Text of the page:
In coronavirus-hit Japan, Vietnamese dream of flying home

By Anh Ngoc   April 11, 2020 | 06:38 pm PT
In coronavirus-hit Japan, Vietnamese dream of flying home
People walk through the Narita Airport with masks following an outbreak of the new coronavirus in Japan, March 9, 2020. Photo by Reuters.
Amid financial difficulties and rising Covid-19 fears, many Vietnamese in Japan are begging the government to come home.

Duy Minh, a worker in Japan’s Saitama Prefecture, has been out of a job for nearly a month and is struggling to cover daily expenses.

"I just wanted to return to Vietnam, but can’t," said Minh, who has worked for an automobile insulation company the past four years.

He started experiencing a headache, chest pain, shortness of breath and fever on March 13, despite having persistently worn a mask and sanitizing his hands.

After declaring his health status, the company suggested he go for a check-up. "I was given a throat exam, had my blood pressure and heart checked, and was provided medicine," Minh said.

The medical facility didn’t let him take a Covid-19 test, however.

"I no longer have a fever, but I still cough, experience headaches and have difficulty breathing. Without a test I have no idea if I’ve contracted Covid-19."

Still haunted by fear, Minh received news his company had temporarily suspended operations, leaving him without an income.

He normally earns VND40 million ($1,689) a month, with half going to rent and meals and the other to his family in Vietnam.

"I just brought my wife to Japan when the disease broke out, so she could not find a job. Both our children are at their grandparents' house. My father’s health is weak, so my mother runs the household," he said.

Minh, alongside other Vietnamese facing the same fate, called on the Vietnamese Embassy in Japan to help them fly home, but were told to await an official announcement.

Vietnam has suspended all inbound flights from April 1-15, with the country entering a 15-day nationwide social distancing campaign.

Thanh Hai, a Vietnamese trainee in Sano City of Tochigi Prefecture, spent a total VND27 million ($1,140) on air tickets, with flights thrice canceled and no refund in sight.

"Since the end of February, due to the fast-spreading pandemic, unemployment and an expired visa forced me to surrender to the Japanese Immigration Department, asking to be returned to Vietnam," Hai explained.

"However, after being questioned about my job and place of residence etc., I was told to wait another month to leave Japan."

One of Hai's compatriots said he had also spent around VND 40 million on airline tickets, but could not fly due to cancellations.

Thousands of Vietnamese have expressed their desire to the Vietnamese Embassy to return home. However, they were informed only those with expired visas, pregnant women, the elderly, and young children, will be given priority at this stage.

"I have been out of a job for a month and a half and do not have much money. My flight was rescheduled for May 2, but I am not sure I could fly home," he stated.

On April 7, Japanese Prime Minister Shinzo Abe declared a month-long state of emergency in response to the new coronavirus pandemic, urging residents to stay home and closing all business services and entertainment facilities.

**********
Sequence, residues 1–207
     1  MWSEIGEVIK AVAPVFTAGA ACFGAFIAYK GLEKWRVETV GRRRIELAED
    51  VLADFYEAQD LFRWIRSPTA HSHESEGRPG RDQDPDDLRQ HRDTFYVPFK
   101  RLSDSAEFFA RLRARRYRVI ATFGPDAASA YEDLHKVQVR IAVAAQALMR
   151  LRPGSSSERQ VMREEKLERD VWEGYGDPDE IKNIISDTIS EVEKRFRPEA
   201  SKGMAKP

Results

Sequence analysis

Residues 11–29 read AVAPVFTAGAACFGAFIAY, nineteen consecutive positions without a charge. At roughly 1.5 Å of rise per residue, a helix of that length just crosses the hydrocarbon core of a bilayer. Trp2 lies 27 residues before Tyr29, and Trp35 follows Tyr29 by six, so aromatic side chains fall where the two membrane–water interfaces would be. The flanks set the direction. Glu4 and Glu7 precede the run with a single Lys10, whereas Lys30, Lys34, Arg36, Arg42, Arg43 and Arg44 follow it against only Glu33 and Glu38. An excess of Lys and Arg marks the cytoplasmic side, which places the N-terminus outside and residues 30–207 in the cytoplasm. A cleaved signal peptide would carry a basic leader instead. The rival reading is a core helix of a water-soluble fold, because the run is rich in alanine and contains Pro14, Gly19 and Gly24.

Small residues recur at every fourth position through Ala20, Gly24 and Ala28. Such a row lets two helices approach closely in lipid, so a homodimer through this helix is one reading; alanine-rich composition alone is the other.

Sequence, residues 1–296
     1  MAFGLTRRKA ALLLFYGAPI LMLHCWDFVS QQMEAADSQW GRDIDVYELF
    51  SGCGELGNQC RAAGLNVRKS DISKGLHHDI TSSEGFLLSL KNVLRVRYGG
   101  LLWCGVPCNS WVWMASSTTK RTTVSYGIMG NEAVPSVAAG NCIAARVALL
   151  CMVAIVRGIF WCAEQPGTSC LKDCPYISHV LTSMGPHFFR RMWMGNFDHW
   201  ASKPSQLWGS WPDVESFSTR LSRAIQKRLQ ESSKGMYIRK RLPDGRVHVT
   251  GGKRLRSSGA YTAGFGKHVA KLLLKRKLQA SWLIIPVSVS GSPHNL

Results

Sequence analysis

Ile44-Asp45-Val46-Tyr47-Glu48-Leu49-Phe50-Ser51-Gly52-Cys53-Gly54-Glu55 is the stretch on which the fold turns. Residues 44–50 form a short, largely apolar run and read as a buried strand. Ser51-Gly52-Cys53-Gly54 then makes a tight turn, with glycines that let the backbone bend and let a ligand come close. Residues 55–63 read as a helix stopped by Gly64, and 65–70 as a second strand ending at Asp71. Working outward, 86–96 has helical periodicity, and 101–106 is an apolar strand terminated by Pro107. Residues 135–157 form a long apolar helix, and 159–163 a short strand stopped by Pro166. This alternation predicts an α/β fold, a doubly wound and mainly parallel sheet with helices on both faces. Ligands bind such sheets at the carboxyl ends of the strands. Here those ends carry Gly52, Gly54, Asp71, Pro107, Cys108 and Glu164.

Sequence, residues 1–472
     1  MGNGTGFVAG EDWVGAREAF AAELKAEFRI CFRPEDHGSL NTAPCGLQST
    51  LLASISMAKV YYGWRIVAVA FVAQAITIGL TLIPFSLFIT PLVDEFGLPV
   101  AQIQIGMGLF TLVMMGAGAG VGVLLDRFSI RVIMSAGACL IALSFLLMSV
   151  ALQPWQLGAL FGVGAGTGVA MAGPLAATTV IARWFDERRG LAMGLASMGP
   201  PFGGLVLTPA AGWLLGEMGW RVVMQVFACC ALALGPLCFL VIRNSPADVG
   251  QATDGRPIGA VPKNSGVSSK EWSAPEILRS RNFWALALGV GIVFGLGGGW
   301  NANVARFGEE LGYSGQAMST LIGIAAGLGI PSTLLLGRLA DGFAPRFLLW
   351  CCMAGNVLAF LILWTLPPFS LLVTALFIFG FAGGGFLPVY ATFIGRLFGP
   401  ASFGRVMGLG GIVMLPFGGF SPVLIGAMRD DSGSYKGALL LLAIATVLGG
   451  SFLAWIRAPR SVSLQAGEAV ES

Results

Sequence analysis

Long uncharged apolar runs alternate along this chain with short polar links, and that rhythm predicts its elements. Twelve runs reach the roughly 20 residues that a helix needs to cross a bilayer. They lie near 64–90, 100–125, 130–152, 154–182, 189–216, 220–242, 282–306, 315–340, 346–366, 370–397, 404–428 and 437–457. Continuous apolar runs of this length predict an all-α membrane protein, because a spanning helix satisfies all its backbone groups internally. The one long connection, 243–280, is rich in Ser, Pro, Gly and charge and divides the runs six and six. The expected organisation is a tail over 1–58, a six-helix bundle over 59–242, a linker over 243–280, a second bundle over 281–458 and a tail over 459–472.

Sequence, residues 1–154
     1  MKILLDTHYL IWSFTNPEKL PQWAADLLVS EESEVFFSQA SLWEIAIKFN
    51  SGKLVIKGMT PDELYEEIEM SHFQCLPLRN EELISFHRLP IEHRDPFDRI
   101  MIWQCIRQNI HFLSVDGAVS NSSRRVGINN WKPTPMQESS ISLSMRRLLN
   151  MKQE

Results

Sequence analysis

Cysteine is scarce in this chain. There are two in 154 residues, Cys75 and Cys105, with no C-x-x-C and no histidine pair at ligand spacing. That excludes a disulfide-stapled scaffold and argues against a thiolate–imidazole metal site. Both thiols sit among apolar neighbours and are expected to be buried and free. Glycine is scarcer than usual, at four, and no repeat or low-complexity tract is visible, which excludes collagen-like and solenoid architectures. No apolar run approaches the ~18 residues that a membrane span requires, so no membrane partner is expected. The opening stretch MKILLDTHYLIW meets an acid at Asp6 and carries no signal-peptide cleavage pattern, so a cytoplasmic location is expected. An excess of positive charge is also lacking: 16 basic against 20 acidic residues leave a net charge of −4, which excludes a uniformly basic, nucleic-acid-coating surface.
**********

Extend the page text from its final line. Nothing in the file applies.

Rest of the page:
As of Sunday, Japan has reported over 6,700 infections that claimed 108 deaths.

With the Covid-19 pandemic having spread to 210 countries and territories, claiming over 108,800 lives, Vietnamese in Japan are eager to return home since the Japanese government lags in deploying measures appropriate to the crisis.

"Unfortunately, I am infected with Covid-19, but have no idea whether to be tested or treated," Hai said.

Kieu Minh, an overseas student in Tokyo, burst out in tears after failing to reach the medical hotline. Last week, she suddenly developed a cough and high fever that lasted four days, and sometimes hit 38.9 degrees Celsius.

After taking medicine, employing cooling towels and drinking ginger-infused water, Minh called the largest hospital in the district to be told they did not carry out Covid-19 tests. After persistent inquiries over three hours, she finally found a hospital that did.

At the hospital, Minh noticed how under protected doctors and medics were, wearing little more than masks, and raising her fears of transmission.

After testing, she was prescribed antipyretics and oral antibiotics for five days, then asked to go home. In case she tested Covid-19 positive, the hospital would call her. If negative, she would receive her results by post.

"I did not hear anything after seven days, which made me think I had tested negative, "Minh said.

In early March, as Japan recorded over 100 Covid-19 infections, Minh had no intention of returning to Vietnam, employed part-time during her spring break at two restaurants.

While at work, she alone wore a mask while serving customers.

With one restaurant since shut, Minh quit over a month ago to avoid contracting Covid-19. About to pay tuition, and with her family’s business struggling in Vietnam, she is increasingly worried.

"Actually, we are mainly confused," Minh confessed. "Many Japanese tell me not to fuss, that  I would be treated and that youth were safe from. Still, I know I have to care for myself."

"Besides going to the supermarket, I just stay home and wait for government announcement," she said. "For now, I am selling phones online to  cover my daily expenses."

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